Scientists from different walks brainstorm on AIDS Restoring immune system is research goal

November 08, 1993|By Katherine Richards | Katherine Richards,Staff Writer

Therapy ideas as unusual as primate-to-human bone marrow transplants were discussed in Baltimore this weekend at an international gathering of scientists and AIDS activists focusing on the repair of disease-weakened immune systems.

"The question is, 'What can we do later on, as well as early on?' " said a noted conference participant, Dr. Jonas Salk, who developed the first polio vaccine.

The third conference to discuss strategies for treating the immune systems of people with late-stage acquired immune deficiency syndrome was known as "Immune Restoration Think Tank 3." It drew together researchers from a wide array of disciplines at the Harbor Court Hotel to share ideas in an informal setting, away from the glare of the media, organizers said.

The conference was sponsored by Project Inform, a San Francisco community-based research organization that seeks to unite researchers, practicing physicians and patients in an effort to inform people of promising treatments and strategies for battling the AIDS epidemic.

Martin Delaney, founding director of Project Inform, said many researchers are working on ways to attack the HIV, the virus that causes AIDS, but the question of how to restore the immune system after it is damaged has not received as much attention. Several conference participants said the low-key atmosphere allowed researchers from different disciplines to cross-fertilize ideas and helped them identify promising areas of research.

"It's very nice to be able to discuss this with our colleagues in a collegial atmosphere," Dr. Salk said. "Here, everybody lets their hair down."

Dr. John Dwyer, of the Prince of Wales Hospital in Sydney, Australia, said that one option is to study how to "harvest" white ++ blood cells from people in the early stages of human immunodeficiency virus infection, who are still relatively well.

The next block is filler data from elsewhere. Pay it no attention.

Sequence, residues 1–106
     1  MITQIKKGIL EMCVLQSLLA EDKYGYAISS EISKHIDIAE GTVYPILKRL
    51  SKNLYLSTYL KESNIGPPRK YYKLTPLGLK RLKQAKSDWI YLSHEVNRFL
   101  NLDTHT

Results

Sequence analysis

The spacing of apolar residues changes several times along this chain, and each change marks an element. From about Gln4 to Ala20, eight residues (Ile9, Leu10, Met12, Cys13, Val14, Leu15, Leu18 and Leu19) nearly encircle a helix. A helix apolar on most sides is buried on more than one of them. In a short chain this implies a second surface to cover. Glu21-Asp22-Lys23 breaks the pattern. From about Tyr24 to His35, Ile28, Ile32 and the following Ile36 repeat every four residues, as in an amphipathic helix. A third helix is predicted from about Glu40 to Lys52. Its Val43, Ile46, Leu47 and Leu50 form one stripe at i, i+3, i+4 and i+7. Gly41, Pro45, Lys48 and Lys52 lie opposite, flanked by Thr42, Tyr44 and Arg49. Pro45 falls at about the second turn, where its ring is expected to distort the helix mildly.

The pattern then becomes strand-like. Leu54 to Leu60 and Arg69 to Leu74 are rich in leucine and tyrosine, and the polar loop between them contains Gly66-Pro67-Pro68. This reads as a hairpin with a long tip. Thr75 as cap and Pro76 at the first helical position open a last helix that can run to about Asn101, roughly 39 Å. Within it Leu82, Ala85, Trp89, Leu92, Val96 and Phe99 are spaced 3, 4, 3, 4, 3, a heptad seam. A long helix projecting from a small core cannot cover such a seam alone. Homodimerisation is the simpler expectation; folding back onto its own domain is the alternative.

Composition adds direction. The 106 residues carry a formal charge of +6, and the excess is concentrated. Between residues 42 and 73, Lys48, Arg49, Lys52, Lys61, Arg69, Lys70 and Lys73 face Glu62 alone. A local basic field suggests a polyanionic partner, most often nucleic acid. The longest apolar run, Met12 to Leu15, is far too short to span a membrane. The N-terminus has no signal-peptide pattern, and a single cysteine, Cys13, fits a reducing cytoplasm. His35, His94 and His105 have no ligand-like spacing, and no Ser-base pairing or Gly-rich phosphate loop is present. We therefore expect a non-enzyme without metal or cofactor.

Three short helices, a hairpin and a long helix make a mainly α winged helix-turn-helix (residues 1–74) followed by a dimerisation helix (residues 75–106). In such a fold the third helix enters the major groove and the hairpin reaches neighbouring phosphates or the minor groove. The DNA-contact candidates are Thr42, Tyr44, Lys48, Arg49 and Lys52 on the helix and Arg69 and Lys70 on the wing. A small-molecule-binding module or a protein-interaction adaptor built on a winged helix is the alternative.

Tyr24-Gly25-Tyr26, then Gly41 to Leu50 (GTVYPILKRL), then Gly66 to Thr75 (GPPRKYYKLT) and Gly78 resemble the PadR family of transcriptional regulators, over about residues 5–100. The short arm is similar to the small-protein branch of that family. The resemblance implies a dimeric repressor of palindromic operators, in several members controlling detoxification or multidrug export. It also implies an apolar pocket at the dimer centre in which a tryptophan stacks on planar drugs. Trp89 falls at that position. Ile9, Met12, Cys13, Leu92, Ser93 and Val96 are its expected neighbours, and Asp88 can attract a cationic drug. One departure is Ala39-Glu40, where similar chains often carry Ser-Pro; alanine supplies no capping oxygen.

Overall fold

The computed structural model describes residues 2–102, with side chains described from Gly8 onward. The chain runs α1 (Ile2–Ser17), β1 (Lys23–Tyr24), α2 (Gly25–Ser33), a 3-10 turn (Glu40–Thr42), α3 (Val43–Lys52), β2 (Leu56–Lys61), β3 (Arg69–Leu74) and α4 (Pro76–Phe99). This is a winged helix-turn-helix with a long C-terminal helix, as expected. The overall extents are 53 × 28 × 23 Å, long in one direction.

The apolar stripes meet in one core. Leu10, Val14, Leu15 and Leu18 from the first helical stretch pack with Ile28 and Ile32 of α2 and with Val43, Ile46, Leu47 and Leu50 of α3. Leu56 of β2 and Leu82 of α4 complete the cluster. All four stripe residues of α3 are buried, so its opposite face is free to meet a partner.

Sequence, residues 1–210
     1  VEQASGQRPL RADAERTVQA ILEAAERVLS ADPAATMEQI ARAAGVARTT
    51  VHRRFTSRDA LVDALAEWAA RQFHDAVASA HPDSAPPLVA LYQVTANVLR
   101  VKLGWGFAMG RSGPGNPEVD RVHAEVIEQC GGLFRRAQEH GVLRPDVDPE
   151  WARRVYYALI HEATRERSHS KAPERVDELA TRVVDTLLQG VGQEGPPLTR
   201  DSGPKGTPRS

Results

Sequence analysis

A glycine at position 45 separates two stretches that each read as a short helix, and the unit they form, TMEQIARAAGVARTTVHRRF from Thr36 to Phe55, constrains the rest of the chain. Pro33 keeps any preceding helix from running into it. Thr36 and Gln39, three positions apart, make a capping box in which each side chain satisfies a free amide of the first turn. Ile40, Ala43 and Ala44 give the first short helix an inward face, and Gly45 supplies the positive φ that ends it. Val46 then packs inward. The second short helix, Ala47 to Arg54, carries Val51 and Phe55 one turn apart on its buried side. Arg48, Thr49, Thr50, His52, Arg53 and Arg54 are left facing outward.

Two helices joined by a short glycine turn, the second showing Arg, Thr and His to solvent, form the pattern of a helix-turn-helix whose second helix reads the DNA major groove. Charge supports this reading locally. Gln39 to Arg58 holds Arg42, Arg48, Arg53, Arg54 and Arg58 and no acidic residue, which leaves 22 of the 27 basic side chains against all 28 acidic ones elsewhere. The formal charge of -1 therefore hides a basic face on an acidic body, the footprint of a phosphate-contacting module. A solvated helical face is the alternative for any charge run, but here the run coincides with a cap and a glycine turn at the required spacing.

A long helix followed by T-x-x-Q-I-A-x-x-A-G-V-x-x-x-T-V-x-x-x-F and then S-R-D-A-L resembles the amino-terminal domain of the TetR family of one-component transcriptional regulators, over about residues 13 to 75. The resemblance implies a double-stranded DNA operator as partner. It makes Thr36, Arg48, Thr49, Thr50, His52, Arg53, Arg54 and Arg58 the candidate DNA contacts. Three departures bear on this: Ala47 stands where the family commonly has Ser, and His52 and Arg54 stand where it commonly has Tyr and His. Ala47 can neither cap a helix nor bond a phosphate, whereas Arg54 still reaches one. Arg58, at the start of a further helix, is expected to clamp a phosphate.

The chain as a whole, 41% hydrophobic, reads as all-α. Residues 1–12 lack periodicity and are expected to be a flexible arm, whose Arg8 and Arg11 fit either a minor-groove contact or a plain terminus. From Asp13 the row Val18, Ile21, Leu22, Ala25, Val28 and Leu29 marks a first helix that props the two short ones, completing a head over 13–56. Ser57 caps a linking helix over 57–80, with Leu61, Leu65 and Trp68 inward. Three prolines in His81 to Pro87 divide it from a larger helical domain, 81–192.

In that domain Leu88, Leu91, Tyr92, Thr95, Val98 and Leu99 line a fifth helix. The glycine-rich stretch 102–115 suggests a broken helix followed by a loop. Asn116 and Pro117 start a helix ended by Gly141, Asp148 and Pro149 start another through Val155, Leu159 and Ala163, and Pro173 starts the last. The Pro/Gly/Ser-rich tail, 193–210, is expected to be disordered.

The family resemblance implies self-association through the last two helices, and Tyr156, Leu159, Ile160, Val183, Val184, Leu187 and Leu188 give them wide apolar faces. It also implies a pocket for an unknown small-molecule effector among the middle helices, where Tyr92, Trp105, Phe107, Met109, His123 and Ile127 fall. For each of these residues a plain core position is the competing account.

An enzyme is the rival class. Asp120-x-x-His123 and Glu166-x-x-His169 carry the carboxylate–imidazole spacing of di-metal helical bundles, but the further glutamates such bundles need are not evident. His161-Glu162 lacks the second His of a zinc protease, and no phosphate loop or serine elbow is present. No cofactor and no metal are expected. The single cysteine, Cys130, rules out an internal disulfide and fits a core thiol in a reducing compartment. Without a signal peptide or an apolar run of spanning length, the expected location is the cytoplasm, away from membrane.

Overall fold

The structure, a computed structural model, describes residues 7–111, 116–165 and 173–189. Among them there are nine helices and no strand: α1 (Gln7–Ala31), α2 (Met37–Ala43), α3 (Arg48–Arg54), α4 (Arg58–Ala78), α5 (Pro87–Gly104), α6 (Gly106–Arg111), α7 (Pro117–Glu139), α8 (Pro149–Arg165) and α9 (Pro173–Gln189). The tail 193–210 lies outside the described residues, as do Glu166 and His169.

Those cells would be cultured in the lab and multiplied and given back later, when the patients are sicker, in the hope that the immune system would be strengthened.

"That's a direct borrowing from the thinking of the cancer doctors," Dr. Dwyer said.

One of the fun things about the conference, Dr. Dwyer said, was the way participants combined ideas. For example, he said, he may combine research on "harvesting" techniques with research being done by Dr. Salk and others on the development of vaccines against HIV.

It may be possible, Dr. Dwyer said, to strengthen the immune system with vaccines before re-introducing a patient's white blood cells.

Mr. Delaney said that researchers will also investigate the possibility of transplanting bone marrow into humans from primates. Many primate species, he said, exhibit some degree of natural immunity to HIV infection.

Other promising avenues of research discussed include further study of gene therapy, of immunization techniques, of thymus-gland transplant techniques, and of chemicals called cytokines, which transmit messages in the immune system.

"We don't know which of these strategies is going to be the best," Mr. Delaney said.

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